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All About Veneers


1. What Are Veneers?

Veneers are thin coverings applied to the outer surface of the teeth to improve their appearance. Many people opt for veneers to address a range of cosmetic dental issues, such as gaps, chips, cracks, stains, unevenness, discoloration, and misalignment. You may choose to get veneers on just one or two teeth or several more—typically the top front row of teeth, as they are most visible.
2. Types of Veneers

Veneers may be made from porcelain or a resin-based composite material. Each type of veneer comes with benefits and drawbacks.

Porcelain Veneers

Porcelain veneers are custom-made, thin shells attached to the front of your teeth. Porcelain veneers are less invasive than crowns.
They are durable, natural-looking, sturdy, stain-resistant, and long-lasting coverings once the proper occlusion is acheived.

Resin-Based Composite Veneers

Resin-based composite veneers are attached to the front of your teeth with a tooth-colored bonding agent.

Compared to porcelain veneers, composite veneers don’t require as much reshaping of the tooth. The procedure may be completed in a single visit to the dentist in some cases. They are also usually less expensive. However, composite veneers aren’t as sturdy or long lasting as porcelain veneers. They’re also easier to stain over time. They may not be as effective in treating more severe cosmetic dental issues.
3. How Much Do Veneers Cost?

According to the American Dental Association, veneers typically cost between $925 and $2,000 per tooth.

The cost of veneers also varies according to your location, the cosmetic dentist you select, the number of teeth you choose to treat, and the number of visits it takes to complete your procedure. Dental insurance generally does not cover veneers or any other cosmetic dentistry.
4. How Long Do Veneers Last?

Typically, porcelain veneers last around 10 to 15 years. However, with excellent aftercare and maintenance, they may last 20 years or more. In one study, 91% of patients with porcelain veneers still had them after 20 years.

Composite veneers are not quite as durable. They last around two to five years on average. Most of these composite Veneers start showing staining around their margins.

After your veneers begin to show signs of wear and tear, such as detaching from the bonding agent, you may have to schedule a replacement procedure.
5. How Do Veneers Work?

To prepare you for porcelain veneers, your dentist will typically start by removing a small amount of enamel (the outer covering of the tooth) from the front and/or sides of your natural teeth. some dentists prefer to only roughen the surface of your tooth to preserve maximum tooth structure. Tooth reshaping allows your veneers to fit more comfortably and achieve a more natural-looking appearance in your mouth.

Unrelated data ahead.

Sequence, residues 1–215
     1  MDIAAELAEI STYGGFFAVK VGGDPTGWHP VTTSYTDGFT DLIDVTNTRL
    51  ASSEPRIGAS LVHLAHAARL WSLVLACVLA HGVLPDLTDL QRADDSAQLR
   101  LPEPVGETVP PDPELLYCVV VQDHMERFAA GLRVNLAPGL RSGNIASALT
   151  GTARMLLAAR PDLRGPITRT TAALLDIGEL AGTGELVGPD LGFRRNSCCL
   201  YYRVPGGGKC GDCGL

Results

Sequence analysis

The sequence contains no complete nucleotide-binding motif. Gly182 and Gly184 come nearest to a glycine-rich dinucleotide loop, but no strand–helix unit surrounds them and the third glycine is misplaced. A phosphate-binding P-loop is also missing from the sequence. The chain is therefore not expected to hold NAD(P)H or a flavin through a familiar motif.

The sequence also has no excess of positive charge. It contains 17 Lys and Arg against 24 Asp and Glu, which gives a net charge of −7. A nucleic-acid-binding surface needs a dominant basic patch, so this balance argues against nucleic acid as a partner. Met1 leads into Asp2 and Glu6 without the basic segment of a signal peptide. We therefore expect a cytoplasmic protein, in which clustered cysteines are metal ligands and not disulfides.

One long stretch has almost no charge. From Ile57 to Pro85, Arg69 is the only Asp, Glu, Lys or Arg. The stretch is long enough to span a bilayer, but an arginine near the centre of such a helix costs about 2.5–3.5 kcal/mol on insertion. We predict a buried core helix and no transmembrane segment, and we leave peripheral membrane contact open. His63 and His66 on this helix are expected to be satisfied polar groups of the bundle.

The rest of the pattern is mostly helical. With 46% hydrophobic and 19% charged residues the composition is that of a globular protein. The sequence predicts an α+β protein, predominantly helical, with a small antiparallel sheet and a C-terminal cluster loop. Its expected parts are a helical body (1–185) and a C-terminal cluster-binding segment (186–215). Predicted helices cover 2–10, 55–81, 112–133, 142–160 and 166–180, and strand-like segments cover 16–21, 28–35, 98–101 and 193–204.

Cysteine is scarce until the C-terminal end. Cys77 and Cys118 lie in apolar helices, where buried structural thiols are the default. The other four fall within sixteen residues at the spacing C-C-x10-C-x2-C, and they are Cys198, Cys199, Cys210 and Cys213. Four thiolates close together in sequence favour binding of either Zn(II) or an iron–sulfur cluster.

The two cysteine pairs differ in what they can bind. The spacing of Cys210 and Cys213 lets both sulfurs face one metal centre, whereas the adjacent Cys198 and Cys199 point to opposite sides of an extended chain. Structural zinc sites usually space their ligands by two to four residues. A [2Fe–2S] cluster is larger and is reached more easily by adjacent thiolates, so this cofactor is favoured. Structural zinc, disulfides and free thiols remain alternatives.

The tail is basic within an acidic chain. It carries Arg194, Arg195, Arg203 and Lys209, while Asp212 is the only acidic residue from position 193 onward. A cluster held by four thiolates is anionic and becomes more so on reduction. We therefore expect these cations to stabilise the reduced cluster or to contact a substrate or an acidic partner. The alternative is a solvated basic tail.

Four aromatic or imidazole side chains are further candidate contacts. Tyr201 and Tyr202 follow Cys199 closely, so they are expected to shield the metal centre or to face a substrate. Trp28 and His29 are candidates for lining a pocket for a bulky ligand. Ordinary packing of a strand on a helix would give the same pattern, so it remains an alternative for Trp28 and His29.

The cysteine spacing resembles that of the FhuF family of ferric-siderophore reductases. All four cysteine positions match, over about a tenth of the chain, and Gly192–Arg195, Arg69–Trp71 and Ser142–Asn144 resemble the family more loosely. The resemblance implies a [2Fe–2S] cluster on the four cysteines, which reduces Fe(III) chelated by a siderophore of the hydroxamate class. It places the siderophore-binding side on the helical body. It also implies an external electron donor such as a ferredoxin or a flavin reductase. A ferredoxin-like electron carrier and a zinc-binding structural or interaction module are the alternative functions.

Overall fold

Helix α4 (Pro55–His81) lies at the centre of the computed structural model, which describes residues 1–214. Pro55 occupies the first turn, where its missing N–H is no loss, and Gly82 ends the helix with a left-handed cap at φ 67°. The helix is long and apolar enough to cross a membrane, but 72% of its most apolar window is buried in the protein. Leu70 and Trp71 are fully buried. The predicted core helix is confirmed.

After your enamel reduction, your dentist will create a mold of your teeth. The mold will be sent off to a dental lab to create a custom set of veneers that can then be fitted, bonded, polished, and adjusted.

No-Prep Veneers

Some no-preparation and minimal-preparation porcelain veneers are paper-thin and don’t require as much (or any) tooth reshaping. However, not everyone is a candidate for these newer procedures. Your tooth enamel must already be in great shape for this option. Also you must have a balanced bite, void of any traumatic occlusion to prevent the veneers from dislodging.
6. What is the Procedure for Veneers Treatment.

Before getting veneers, you should practice good oral hygiene and ensure your teeth are ready for the procedure. Your dentist should treat any underlying gum or dental concerns before you proceed. Getting porcelain veneers usually takes about two to three visits.
 Here's what to expect for Veneers Treatment:
Consultation: You will discuss your dental concerns with your dental care provider and select your preferred tooth color and shape at your consultation. Your visit will also likely include a thorough dental examination and X-ray imaging. Your cost of the treatment will be discussed at this visit.

Tooth preparation and molding: At your next visit, your dentist will use a local anesthetic while they reshape your teeth, remove a small amount of enamel, and make a mold of your teeth to send off to a dental lab. You will be given temporary veneers to wear until your next visit.

Placement and adjustment: At your third visit, your dentist will bond your new veneers to your natural teeth. They will finish up by polishing and adjusting them as necessary. You may have to return for follow-up appointments to ensure that your veneers are placed correctly.
The process for resin-based composite veneers is often shorter and less complex than with porcelain. After your teeth are prepared, your dentist will shape and harden the composite material and bond it to your teeth.
7. Veneers Aftercare

Taking care of your veneers is key to maintaining their appearance over time.
Soon after your procedure, your dentist may recommend that you temporarily stop drinking red wine or coffee to avoid stains. It’s also best to avoid extremely hot or cold foods and beverages, as your teeth may be sensitive at first.

Here are some other veneer aftercare tips:

Brush and floss regularly to avoid getting cavities under your veneers.
Wear a mouth guard to avoid grinding your teeth (bruxism), which can wear away your veneers over time.
Tell your dentist if you feel that your veneers are starting to decay or separate from your natural tooth.
See your dentist for regular cleanings and follow-up appointments.
Avoid chewing on items that may damage your veneers, such as hard candy, pencils, pens, or ice. Avoid biting your nails.

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